Is there a dictionary functionality in R

Is there a dictionary functionality in R

I know three R packages for dictionaries: hash, hashmap, and dict.

Update July 2018: a new one, container.

Update September 2018: a new one, collections

hash

Keys must be character strings. A value can be any R object.

library(hash)
## hash-2.2.6 provided by Decision Patterns
h <- hash() 
# set values
h[[1]] <- 42
h[[foo]] <- bar
h[[4]] <- list(a=1, b=2)
# get values
h[[1]]
## [1] 42
h[[4]]
## $a
## [1] 1
## 
## $b
## [1] 2
h[c(1, foo)]
## <hash> containing 2 key-value pair(s).
##   1 : 42
##   foo : bar
h[[key not here]]
## NULL

To get keys:

keys(h)
## [1] 1   4   foo

To get values:

values(h)
## $`1`
## [1] 42
## 
## $`4`
## $`4`$a
## [1] 1
## 
## $`4`$b
## [1] 2
## 
## 
## $foo
## [1] bar

The print instance:

h
## <hash> containing 3 key-value pair(s).
##   1 : 42
##   4 : 1 2
##   foo : bar

The values function accepts the arguments of sapply:

values(h, USE.NAMES=FALSE)
## [[1]]
## [1] 42
## 
## [[2]]
## [[2]]$a
## [1] 1
## 
## [[2]]$b
## [1] 2
## 
## 
## [[3]]
## [1] bar
values(h, keys=4)
##   4
## a 1
## b 2
values(h, keys=4, simplify=FALSE)
## $`4`
## $`4`$a
## [1] 1
## 
## $`4`$b
## [1] 2

hashmap

See https://cran.r-project.org/web/packages/hashmap/README.html.

hashmap does not offer the flexibility to store arbitrary types of objects.

Keys and values are restricted to scalar objects (length-one character, numeric, etc.). The values must be of the same type.

library(hashmap)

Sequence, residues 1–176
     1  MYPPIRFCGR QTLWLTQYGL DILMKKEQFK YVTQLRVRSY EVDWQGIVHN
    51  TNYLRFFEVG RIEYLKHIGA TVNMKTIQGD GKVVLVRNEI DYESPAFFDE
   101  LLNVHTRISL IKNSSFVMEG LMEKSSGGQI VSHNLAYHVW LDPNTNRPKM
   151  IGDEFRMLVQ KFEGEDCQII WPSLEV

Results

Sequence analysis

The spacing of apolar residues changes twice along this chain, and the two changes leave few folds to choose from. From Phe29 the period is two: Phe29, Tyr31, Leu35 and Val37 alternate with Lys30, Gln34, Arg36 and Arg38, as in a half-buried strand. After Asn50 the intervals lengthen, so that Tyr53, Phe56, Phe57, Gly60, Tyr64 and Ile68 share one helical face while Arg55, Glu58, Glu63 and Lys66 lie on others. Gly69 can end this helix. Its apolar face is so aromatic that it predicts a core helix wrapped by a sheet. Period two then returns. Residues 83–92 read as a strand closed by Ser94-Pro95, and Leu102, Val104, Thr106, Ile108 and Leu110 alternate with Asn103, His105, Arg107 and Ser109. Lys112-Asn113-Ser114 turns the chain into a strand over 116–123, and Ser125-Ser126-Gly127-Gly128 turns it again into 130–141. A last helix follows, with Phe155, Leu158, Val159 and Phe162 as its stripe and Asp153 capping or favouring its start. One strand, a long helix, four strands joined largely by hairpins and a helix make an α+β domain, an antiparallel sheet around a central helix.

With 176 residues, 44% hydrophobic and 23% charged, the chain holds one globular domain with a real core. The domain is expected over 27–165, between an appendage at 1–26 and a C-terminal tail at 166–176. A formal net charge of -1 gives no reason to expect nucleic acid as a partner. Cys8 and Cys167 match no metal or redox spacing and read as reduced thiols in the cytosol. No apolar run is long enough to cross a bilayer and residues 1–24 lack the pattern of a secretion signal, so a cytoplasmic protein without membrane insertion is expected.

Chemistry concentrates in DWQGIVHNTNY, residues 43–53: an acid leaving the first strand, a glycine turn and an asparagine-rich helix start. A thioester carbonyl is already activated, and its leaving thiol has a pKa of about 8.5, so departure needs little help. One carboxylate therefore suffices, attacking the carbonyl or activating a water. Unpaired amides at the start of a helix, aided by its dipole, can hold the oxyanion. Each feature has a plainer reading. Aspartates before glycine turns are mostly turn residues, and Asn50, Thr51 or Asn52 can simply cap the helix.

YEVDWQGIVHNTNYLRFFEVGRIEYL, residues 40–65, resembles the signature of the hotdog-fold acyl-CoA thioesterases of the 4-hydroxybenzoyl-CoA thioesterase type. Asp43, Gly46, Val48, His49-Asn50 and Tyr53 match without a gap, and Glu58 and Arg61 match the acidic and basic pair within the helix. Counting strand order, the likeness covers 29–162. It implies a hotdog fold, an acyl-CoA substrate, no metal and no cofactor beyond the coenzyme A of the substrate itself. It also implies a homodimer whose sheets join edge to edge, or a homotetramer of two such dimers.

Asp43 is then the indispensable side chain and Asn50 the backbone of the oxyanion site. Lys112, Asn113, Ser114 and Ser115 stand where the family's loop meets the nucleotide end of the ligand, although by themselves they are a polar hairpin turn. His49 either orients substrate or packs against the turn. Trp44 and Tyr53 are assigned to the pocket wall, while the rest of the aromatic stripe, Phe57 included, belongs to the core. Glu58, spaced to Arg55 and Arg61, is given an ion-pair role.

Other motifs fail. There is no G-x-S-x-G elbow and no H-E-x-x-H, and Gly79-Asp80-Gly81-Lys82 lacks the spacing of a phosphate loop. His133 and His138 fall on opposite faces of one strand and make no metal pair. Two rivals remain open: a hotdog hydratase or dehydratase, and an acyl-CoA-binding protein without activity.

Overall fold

H <- hashmap(c(a, b), rnorm(2))
H[[a]]
## [1] 0.1549271
H[[c(a,b)]]
## [1]  0.1549271 -0.1222048
H[[1]] <- 9

Beautiful print instance:

H
## ## (character) => (numeric)  
## ##         [1] => [+9.000000]
## ##         [b] => [-0.122205]
## ##         [a] => [+0.154927]

Errors:

H[[2]] <- Z
## Error in x$`[[<-`(i, value): Not compatible with requested type: [type=character; target=double].
H[[2]] <- c(1,3)
## Warning in x$`[[<-`(i, value): length(keys) != length(values)!

dict

Currently available only on Github: https://github.com/mkuhn/dict

Strengths: arbitrary keys and values, and fast.

library(dict)
d <- dict()
d[[1]] <- 42
d[[c(2, 3)]] <- Hello! # c(2,3) is the key
d[[foo]] <- bar
d[[4]] <- list(a=1, b=2)
d[[1]]
## [1] 42
d[[c(2, 3)]]
## [1] Hello!
d[[4]]
## $a
## [1] 1
## 
## $b
## [1] 2

Accessing to a non-existing key throws an error:

d[[not here]]
## Error in d$get_or_stop(key): Key error: [1] not here

But there is a nice feature to deal with that:

d$get(not here, default value for missing key)
## [1] default value for missing key

Get keys:

d$keys()
## [[1]]
## [1] 4
## 
## [[2]]
## [1] 1
## 
## [[3]]
## [1] 2 3
## 
## [[4]]
## [1] foo

Get values:

d$values()
## [[1]]
## [1] 42
## 
## [[2]]
## [1] Hello!
## 
## [[3]]
## [1] bar
## 
## [[4]]
## [[4]]$a
## [1] 1
## 
## [[4]]$b
## [1] 2

Get items:

d$items()
## [[1]]
## [[1]]$key
## [1] 4
## 
## [[1]]$value
## [[1]]$value$a
## [1] 1
## 
## [[1]]$value$b
## [1] 2
## 
## 
## 
## [[2]]
## [[2]]$key
## [1] 1
## 
## [[2]]$value
## [1] 42
## 
## 
## [[3]]
## [[3]]$key
## [1] 2 3
## 
## [[3]]$value
## [1] Hello!
## 
## 
## [[4]]
## [[4]]$key
## [1] foo
## 
## [[4]]$value
## [1] bar

No print instance.

The package also provides the function numvecdict to deal with a dictionary in which numbers and strings (including vectors of each) can be used as keys, and that can only store vectors of numbers.

You can use just data.frame and row.names to do this:

x=data.frame(row.names=c(Hi,Why,water) , val=c(1,5,4))
x[Why,]
[1] 5

Is there a dictionary functionality in R

In that vectors, matrices, lists, etc. behave as dictionaries in R, you can do something like the following:

> (x <- structure(c(5,2),names=c(a,b))) ## dictionary
a b 
5 2 
> (result <- outer(x,x,function(x1,x2) x1^2+x2))
   a  b
a 30 27
b  9  6
> result[b,a]
[1] 9

If you wanted a table as youve shown in your example, just reshape your array…

> library(reshape)
> (dfr <- melt(result,varnames=c(x1,x2)))
  x1 x2 value
1  a  a    30
2  b  a     9
3  a  b    27
4  b  b     6
> transform(dfr,val1=x[x1],val2=x[x2])
  x1 x2 value val1 val2
1  a  a    30    5    5
2  b  a     9    2    5
3  a  b    27    5    2
4  b  b     6    2    2

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